“Pick of the Vine”? Not quite ripe

Branda Lock and Lloyd Roberson II in “The Job Interview from Hell,” by Chris Irby and Sean Freeman and directed by Mirai Booth-Ong. Screenshot photo by Bondo Wyszpolski

Still swimming upriver

“Pick of the Vine” streams online through March

by Bondo Wyszpolski

Little Fish Theatre, located in the arts district of downtown San Pedro, is arguably the best stage in the South Bay on account of the company’s willingness to tackle new or seldom-performed plays. Before the start of each season, the selection committee reads through a massive pile of submitted work — over 800 this year — in order to choose a handful of one-acts to present as their inaugural production. “Pick of the Vine” is just that, and this year’s current crop features seven new works.

After its March 12, 2020 performance, Little Fish went dark, and the theater has been closed ever since. However, like other theater companies across the country, it has made a stab at live streaming. “Pick of the Vice” premiered last weekend and it can be accessed (for $20) now through the last day of the month.

Cindy Shields, Kimmy Shields, and Perry Shields in “Snickerdoodle,” written by Christian Gallagher and directed by Madeleine Drake. Screenshot photo by Bondo Wyszpolski

“We want to give the audience a theater experience,” says producer Tara Donovan, “but understanding the on-screen medium means we have to visually change the image through film-like techniques. The actors were recorded together in a live-to-tape situation, but then we could edit in a few key moments for more of a cinematic effect. We consider this a bit of a hybrid of mediums, but the goal was to go beyond feeling like you were on a Zoom call.”

Donovan worked closely with film editor Sara Haddadin. Diana Mann was in charge of costume design. The six directors include Madeleine Drake, Samantha Barrios, Jennifer Bobiwash, Mirai Booth-Ong, Starina Johnson (directing two plays), and Esther Mira. For those keeping count, it’s an all-female roster so far.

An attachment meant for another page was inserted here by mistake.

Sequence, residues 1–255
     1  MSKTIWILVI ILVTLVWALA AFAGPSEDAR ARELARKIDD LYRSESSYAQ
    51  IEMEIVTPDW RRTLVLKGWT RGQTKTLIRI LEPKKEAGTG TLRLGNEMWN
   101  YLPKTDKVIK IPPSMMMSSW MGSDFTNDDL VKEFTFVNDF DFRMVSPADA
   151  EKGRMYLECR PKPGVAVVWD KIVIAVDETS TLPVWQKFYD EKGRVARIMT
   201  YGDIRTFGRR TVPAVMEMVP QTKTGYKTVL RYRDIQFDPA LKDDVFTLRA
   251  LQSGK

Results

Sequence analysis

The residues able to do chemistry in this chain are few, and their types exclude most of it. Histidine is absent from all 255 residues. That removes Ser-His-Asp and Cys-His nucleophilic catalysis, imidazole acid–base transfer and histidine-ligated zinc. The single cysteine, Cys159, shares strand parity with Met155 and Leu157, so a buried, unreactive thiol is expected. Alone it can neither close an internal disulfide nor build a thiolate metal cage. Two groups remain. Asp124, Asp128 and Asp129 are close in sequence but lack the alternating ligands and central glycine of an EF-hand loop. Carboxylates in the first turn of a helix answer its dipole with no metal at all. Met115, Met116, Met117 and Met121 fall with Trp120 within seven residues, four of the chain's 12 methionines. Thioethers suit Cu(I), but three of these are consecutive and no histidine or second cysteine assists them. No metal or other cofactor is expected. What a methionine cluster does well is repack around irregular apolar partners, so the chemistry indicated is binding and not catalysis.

Branda Lock in “Elemental,” by Brandon Cahela and directed by Samantha Barrios. Screenshot photo by Bondo Wyszpolski

“Sara Haddadin walked the actors through their lighting setups via Zoom,” Donovan continues. “She and I worked together to assist actors—over Zoom—in where to place their computers/webcams and to try to troubleshoot any technical issues so that the directors could just focus on the play itself. Sara is really the wizard behind the curtain with all of the technical elements.”

In brief, a great deal of time and effort went into setting the stage, so to speak, to best convey the actors and their material. With a running time of roughly 70 minutes, the seven one-acts are reasonably concise and to the point. The cast largely consists of company members, with some new faces thrown into the mix.

Belinda Howell and Don Schlossman in “The Aloha Life,” written by Jean Koppen and directed by Jennifer Bobiwash. Screenshot photo by Bondo Wyszpolski

The big question is, How well does all this work? Unfortunately, not very well at all, through no fault of the scripts, the actors, or the directors. The visuals are subpar and the audio varies from segment to segment. I could hear Christian Gallagher’s “Snickerdoodle” rather well, but “Elemental,” by Brandon Cahela, not so much. The acting also varies, with Margaret Schugt giving perhaps the most memorable performance, but frankly no one was helped by the constraints of the videographic medium.

To conclude, there’s really nothing like live theater and this is one company that can be counted on to deliver superb productions once they’re back onstage and we’re allowed back inside.

Pick of the Vine, through March 31, with $20 tickets, available at littlefishtheatre.org. ER


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Written by: Bondo Wyszpolski

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